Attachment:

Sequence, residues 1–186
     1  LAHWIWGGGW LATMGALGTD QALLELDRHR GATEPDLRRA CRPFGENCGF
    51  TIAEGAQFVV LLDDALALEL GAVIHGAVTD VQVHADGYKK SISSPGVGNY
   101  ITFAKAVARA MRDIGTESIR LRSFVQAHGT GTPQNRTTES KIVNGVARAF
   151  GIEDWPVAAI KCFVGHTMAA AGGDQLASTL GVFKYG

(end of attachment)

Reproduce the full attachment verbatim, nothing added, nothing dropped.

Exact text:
Sequence, residues 1–186
     1  LAHWIWGGGW LATMGALGTD QALLELDRHR GATEPDLRRA CRPFGENCGF
    51  TIAEGAQFVV LLDDALALEL GAVIHGAVTD VQVHADGYKK SISSPGVGNY
   101  ITFAKAVARA MRDIGTESIR LRSFVQAHGT GTPQNRTTES KIVNGVARAF
   151  GIEDWPVAAI KCFVGHTMAA AGGDQLASTL GVFKYG